After vowing to block the tunnel, McGinn flipped last week following the City Council’s unanimous vote in favor of it, and said, “OK, I still dislike the tunnel but I won’t block it.” Or words to that effect.
“Or words to that effect”…? Really?
Now, what is it they call that pair of double squiggly things? Quotation marks, right? And forgive my lack of a J-school education, but in a newspaper, aren’t the words between them generally understood to represent an actual quote? You know, like words the subject, um, said… not kinda-sorta said, or almost said, or gee, wouldn’t it be funny if they said it like that?
Well, according to our state’s paper of record, apparently not. Apparently, and I guess I must’ve missed this section of the AP Style Guide, it is totally journalistically kosher to attribute whatever you want to a subject — even to put those definitive quotation marks around the words and everything — as long as you follow the fabricated quote with the caveat: “Or words to that effect.”
You know, like…
When asked how his ill advised foray into the Maine newspaper market contributed to the Seattle Times’ own financial woes, publisher Frank Blethen philosophically offered, “I eat poo.” Or words to that effect.
In a rare moment of candor, King County executive candidate Susan Hutchison surprised the audience by admitting that her transportation priorities would include “killing light rail, building more roads, and judiciously licking Kemper Freeman’s anus.” Or words to that effect.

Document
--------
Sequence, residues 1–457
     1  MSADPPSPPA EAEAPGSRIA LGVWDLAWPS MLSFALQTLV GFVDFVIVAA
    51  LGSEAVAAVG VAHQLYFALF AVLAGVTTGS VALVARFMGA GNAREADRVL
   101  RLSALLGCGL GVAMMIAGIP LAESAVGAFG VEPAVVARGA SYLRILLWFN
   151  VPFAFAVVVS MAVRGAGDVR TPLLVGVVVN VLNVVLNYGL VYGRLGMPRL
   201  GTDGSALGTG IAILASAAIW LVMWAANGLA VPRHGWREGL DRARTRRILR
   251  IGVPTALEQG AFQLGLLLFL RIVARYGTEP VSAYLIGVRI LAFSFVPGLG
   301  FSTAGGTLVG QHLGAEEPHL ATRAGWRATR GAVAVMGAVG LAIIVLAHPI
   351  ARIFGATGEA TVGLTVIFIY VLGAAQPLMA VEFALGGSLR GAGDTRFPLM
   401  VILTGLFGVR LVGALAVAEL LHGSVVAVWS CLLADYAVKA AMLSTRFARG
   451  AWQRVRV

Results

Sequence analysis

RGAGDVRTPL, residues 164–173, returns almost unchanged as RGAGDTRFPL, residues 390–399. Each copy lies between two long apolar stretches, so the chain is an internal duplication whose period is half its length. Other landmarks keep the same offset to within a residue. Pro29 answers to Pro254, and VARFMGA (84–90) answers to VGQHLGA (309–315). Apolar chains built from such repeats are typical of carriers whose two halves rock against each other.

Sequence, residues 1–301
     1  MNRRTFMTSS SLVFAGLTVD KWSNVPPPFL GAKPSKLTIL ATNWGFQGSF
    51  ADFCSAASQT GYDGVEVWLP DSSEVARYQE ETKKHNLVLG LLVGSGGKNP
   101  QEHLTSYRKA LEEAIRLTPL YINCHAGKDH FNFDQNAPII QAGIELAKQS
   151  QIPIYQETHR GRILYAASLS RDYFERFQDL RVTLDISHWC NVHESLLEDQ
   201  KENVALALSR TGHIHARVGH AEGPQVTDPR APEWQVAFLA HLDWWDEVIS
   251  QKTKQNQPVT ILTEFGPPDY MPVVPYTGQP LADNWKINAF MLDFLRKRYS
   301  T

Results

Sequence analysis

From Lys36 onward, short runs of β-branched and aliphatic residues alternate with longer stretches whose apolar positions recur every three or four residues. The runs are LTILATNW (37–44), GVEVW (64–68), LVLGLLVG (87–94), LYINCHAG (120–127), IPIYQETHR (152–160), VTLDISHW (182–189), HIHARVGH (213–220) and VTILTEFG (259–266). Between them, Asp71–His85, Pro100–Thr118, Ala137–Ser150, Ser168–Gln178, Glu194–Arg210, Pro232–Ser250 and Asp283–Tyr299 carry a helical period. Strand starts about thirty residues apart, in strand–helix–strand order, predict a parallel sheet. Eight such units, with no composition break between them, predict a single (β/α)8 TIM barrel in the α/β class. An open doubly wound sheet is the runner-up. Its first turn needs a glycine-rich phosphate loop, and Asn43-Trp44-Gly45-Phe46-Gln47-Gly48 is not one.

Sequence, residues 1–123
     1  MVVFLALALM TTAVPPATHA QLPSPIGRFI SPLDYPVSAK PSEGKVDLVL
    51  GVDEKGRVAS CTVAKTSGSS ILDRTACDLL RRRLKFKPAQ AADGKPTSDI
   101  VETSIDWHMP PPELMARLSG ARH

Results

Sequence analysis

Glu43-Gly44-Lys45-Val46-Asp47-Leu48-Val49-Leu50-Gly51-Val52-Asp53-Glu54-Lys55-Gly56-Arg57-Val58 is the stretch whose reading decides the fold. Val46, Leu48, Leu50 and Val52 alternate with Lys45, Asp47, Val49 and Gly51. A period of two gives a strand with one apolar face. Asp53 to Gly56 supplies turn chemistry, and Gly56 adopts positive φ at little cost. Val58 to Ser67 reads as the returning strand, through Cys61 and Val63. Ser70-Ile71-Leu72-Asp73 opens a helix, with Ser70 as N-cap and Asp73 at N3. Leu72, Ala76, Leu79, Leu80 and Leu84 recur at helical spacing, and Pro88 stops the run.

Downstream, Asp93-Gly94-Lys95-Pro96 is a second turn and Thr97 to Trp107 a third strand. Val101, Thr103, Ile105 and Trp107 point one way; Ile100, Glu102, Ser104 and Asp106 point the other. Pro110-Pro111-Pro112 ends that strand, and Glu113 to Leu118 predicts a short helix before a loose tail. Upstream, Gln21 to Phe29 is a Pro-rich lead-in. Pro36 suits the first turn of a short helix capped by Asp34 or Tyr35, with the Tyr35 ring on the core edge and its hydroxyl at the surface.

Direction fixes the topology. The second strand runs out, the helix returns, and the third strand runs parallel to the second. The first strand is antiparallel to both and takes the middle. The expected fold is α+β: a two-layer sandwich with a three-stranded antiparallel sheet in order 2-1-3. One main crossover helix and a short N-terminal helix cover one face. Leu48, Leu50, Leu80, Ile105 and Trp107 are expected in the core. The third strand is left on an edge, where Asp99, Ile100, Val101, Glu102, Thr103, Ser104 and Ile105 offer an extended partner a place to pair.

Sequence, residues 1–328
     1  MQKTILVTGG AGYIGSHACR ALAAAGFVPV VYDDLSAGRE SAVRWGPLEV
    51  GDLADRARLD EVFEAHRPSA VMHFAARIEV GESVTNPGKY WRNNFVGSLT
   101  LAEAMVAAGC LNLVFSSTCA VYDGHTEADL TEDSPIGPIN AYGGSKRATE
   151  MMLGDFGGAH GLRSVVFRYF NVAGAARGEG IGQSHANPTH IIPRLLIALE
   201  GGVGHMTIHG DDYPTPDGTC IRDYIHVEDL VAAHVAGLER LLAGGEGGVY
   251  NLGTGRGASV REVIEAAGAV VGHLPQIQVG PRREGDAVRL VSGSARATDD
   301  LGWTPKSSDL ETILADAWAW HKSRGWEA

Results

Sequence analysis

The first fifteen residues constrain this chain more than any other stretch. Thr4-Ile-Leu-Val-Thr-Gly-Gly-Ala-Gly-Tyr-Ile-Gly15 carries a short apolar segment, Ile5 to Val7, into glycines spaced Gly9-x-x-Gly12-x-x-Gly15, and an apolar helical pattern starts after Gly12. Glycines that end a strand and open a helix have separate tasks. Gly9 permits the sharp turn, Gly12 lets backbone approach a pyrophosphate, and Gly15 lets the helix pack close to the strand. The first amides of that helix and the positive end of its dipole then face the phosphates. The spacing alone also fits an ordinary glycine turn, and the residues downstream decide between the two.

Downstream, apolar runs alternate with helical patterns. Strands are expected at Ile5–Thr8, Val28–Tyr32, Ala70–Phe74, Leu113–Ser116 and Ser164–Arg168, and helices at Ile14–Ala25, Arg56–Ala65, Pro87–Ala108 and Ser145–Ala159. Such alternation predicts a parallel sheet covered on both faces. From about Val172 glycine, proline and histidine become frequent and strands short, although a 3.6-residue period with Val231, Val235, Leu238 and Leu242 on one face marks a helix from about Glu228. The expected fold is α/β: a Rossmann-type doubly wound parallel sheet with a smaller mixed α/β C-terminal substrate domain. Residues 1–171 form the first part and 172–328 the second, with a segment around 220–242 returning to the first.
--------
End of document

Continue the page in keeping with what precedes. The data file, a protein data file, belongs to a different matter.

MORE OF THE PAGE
Or maybe even this…
Seattle Times editorial page editor Ryan Blethen defended his qualifications for the post, attributing his meteoric rise to “that extra chromosome I inherited from my father.” Or words to that effect.
I mean, it’s not like Mike McGinn didn’t speak at length about his very pragmatic decision not to unilaterally block a 9-0 vote of the City Council, so the Times had every opportunity to relate his words exactly. But they didn’t. McGinn’s thoughtful explanation didn’t quite fit the Times’ chosen meme of him as an unprincipled flip-flopper. So instead, they just made stuff up.
See how easy it is? Professional journalists and lowly bloggers alike can now simply put words into other people’s mouths, however defamatory, quotation marks and all, and at no risk of giving up a costly libel award, all thanks to the Seattle Times’ clever new Or Words To That Effect defense… a journalistic ethos reflected in the paper’s new motto: “Making shit up since 1896.”
Or words to that effect.